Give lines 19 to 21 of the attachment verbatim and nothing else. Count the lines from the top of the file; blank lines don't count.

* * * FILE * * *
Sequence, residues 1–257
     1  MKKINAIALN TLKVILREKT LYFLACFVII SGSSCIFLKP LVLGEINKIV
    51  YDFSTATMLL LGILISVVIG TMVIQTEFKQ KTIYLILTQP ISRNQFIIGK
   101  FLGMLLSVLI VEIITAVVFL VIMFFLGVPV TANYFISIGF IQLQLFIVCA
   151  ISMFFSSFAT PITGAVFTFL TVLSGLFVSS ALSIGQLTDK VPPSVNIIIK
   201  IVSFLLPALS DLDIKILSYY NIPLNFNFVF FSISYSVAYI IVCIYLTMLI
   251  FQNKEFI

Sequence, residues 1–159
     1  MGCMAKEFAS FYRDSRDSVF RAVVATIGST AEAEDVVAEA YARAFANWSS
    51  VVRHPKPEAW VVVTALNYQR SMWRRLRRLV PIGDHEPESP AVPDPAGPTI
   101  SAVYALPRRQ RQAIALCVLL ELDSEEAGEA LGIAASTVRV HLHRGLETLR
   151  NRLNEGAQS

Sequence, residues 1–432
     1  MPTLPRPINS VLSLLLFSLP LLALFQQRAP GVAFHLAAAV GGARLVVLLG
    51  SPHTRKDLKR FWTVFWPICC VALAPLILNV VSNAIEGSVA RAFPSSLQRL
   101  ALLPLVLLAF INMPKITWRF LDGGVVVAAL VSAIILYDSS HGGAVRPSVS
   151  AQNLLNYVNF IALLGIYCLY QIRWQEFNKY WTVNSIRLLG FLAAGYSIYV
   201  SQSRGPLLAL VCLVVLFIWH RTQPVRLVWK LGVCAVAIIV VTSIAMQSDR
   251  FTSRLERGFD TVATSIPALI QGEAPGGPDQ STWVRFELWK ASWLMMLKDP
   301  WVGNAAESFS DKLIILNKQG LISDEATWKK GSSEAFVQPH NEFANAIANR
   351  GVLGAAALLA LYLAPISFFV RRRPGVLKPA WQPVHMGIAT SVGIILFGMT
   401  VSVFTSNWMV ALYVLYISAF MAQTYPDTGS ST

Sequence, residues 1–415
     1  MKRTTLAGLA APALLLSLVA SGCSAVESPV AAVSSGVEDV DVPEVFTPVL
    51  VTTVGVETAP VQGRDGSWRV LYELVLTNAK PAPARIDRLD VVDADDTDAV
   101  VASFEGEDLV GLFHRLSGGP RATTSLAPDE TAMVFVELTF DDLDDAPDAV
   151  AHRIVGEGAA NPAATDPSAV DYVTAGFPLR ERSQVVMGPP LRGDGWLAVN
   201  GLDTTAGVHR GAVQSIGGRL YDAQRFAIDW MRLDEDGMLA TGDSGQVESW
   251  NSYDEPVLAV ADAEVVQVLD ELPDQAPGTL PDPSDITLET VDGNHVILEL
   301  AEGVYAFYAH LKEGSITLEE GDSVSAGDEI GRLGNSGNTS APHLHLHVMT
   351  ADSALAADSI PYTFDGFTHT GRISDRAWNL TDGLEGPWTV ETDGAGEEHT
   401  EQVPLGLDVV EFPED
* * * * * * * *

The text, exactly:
   251  FTSRLERGFD TVATSIPALI QGEAPGGPDQ STWVRFELWK ASWLMMLKDP
   301  WVGNAAESFS DKLIILNKQG LISDEATWKK GSSEAFVQPH NEFANAIANR
   351  GVLGAAALLA LYLAPISFFV RRRPGVLKPA WQPVHMGIAT SVGIILFGMT